Prime minister Boris Johnson said on Thursday that he will next week unveil a comprehensive plan outlining how the UK economy could reopen, in his first appearance at the government’s daily press briefing since he was hospitalised with coronavirus.
“I will be setting out a comprehensive plan next week to explain how we can get our economy moving, how we can get our children back to school, back in to childcare, and how we can travel to work and make life in the workplace safer,” he said.
The plan will outline how the UK can continue to suppress the coronavirus disease and restart the economy at the same time, he said.
Referencing the extent to which he “mourned for every life lost” and the “economic damage the country is sustaining,” Johnson said he believed a second wave of the virus resulting from a premature easing of measures would do “lasting” damage to the UK economy.
The plan will thus include five key tests that must be satisfied before it can be put into action. The ability of the National Health Service (NHS) to cope with coronavirus infections must firstly be protected, he said.
Secondly, the country must see a “sustained fall” in coronavirus-related deaths, he said. Thirdly, the government must be sure that the virus’s infection rate is falling.
Fourthly, the UK must overcome the operational and logistical challenges related to testing and personal protective equipment (PPE).
And finally, Johnson said, the UK must “make sure” that the measures the country takes do not risk a second spike of infections that would “overwhelm” the NHS.
Johnson on Thursday (30 April) said for the first time that the UK was “past the peak” of coronavirus cases and “on the downward slope.”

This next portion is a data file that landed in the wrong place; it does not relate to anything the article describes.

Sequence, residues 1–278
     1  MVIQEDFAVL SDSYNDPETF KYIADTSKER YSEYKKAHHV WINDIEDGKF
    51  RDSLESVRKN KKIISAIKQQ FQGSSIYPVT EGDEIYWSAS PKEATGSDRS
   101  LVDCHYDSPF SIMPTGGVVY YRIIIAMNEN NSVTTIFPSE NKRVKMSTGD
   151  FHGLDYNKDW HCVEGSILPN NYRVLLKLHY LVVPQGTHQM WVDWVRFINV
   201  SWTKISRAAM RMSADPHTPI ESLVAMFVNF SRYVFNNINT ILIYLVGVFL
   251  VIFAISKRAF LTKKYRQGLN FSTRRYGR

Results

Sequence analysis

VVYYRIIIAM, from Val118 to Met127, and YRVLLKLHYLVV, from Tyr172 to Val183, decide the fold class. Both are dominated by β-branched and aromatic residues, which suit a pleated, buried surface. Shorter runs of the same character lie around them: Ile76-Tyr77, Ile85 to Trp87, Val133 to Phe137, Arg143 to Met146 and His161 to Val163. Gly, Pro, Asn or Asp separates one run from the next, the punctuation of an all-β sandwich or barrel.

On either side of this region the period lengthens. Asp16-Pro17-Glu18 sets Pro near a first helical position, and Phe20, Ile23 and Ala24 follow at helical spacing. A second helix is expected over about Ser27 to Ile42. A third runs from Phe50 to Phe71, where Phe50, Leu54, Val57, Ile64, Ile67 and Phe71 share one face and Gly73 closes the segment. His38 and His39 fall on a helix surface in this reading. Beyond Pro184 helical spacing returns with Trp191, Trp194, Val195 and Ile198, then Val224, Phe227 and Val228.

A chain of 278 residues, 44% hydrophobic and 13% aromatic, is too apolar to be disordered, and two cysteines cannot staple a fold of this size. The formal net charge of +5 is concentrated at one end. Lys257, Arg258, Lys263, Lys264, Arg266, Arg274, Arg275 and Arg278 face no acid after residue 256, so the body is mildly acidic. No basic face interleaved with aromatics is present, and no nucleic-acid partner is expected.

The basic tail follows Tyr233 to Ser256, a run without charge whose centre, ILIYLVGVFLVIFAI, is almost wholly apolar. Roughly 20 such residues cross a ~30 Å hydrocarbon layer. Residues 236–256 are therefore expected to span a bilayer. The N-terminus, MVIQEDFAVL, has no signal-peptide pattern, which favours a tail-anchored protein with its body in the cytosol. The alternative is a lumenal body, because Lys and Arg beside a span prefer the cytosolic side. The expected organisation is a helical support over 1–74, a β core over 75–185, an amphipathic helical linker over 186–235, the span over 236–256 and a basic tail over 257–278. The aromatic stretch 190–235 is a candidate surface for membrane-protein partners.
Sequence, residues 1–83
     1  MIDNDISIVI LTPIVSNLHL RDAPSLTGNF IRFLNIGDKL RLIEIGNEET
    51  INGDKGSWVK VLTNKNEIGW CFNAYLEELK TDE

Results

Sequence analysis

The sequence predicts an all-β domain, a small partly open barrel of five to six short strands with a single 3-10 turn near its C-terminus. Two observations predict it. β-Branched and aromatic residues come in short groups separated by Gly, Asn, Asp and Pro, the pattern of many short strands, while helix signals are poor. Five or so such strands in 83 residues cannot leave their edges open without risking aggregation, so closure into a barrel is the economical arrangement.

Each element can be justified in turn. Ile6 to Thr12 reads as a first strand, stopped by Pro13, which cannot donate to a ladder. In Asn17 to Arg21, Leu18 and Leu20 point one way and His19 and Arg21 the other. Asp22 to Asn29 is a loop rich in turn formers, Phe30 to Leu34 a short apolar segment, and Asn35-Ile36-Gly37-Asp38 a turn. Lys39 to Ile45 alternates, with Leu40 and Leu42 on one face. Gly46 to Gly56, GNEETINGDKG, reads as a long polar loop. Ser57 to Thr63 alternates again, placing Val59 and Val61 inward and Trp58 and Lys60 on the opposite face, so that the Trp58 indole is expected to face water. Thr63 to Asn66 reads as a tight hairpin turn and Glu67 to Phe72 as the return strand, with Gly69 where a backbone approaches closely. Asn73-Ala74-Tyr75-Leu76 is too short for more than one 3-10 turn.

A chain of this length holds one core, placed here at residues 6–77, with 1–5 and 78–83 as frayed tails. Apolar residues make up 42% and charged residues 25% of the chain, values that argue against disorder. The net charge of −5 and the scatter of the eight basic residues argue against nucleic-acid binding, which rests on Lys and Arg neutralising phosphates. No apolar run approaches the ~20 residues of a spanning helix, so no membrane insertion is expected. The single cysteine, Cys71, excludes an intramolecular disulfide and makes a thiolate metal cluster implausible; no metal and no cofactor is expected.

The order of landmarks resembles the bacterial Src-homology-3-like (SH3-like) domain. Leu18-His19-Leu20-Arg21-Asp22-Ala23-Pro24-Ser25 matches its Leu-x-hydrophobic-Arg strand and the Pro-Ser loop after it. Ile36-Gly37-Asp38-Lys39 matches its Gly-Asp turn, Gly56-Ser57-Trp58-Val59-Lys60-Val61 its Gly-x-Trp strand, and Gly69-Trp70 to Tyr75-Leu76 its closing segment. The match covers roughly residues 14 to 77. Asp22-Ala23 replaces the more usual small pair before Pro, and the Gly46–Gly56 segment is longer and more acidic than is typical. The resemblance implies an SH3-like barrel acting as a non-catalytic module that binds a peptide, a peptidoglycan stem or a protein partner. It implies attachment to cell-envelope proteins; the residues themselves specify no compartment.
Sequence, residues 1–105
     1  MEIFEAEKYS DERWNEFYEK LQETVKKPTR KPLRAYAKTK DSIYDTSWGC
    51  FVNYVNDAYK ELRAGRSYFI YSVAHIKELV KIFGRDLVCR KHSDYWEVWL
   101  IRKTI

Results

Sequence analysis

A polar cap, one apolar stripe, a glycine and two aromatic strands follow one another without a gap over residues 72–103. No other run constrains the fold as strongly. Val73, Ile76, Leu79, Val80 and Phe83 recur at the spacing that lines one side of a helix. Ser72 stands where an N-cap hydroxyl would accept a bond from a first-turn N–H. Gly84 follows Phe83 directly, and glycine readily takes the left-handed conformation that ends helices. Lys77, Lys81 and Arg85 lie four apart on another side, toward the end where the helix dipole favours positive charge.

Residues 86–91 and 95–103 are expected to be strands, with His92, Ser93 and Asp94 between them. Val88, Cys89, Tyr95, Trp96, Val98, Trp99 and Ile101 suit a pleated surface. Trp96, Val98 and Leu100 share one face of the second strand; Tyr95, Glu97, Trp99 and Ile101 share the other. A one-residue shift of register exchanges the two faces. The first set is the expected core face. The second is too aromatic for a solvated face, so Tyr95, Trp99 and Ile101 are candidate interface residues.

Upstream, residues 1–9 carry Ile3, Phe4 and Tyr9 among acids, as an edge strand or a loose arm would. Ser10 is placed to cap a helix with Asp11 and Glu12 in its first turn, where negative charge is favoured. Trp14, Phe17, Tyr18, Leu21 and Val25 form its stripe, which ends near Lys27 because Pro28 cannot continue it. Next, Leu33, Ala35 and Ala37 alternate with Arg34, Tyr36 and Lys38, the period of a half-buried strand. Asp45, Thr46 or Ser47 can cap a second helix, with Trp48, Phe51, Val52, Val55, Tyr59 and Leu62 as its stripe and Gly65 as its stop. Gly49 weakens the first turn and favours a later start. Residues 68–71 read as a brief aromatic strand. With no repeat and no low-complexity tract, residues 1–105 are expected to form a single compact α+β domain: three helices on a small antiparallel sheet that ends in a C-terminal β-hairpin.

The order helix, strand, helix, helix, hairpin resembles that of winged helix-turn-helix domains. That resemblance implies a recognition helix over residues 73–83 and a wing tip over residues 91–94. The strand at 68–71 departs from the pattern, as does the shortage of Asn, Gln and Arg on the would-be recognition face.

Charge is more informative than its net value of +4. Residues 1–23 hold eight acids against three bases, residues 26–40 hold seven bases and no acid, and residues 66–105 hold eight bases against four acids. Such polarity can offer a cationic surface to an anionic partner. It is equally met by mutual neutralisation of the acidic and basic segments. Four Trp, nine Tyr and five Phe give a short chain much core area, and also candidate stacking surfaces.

Noting that the UK was “leading” international efforts to find a vaccine, Johnson nonetheless said that, until an inoculation is found, the UK would have to combat the disease with “resolve” and “ingenuity.”
Those producing the plan were being “guided by the science,” Johnson said, noting that the government wanted to build “maximum” political consensus around the proposal.
“What you are going to get next week is really a road map, a menu of options,” Johnson said.
“The dates and times of each individual measure will be very much driven by where we are in the epidemic.”
Johnson revealed that a further 674 people had died after testing positive for coronavirus in the UK, taking the nation’s total to 26,711.
The rise came after Wednesday’s inclusion of fatalities outside hospitals brought the UK’s total to the third-highest official toll in the world.
Earlier, the Office for National Statistics (ONS) said that the government’s emergency measures to prop up the economy during the crisis will cost £104bn ($130bn) this year alone.
The ONS said the UK government’s furlough scheme, which subsidises wages for staff at risk of redundancy, could cost £49bn over the next year.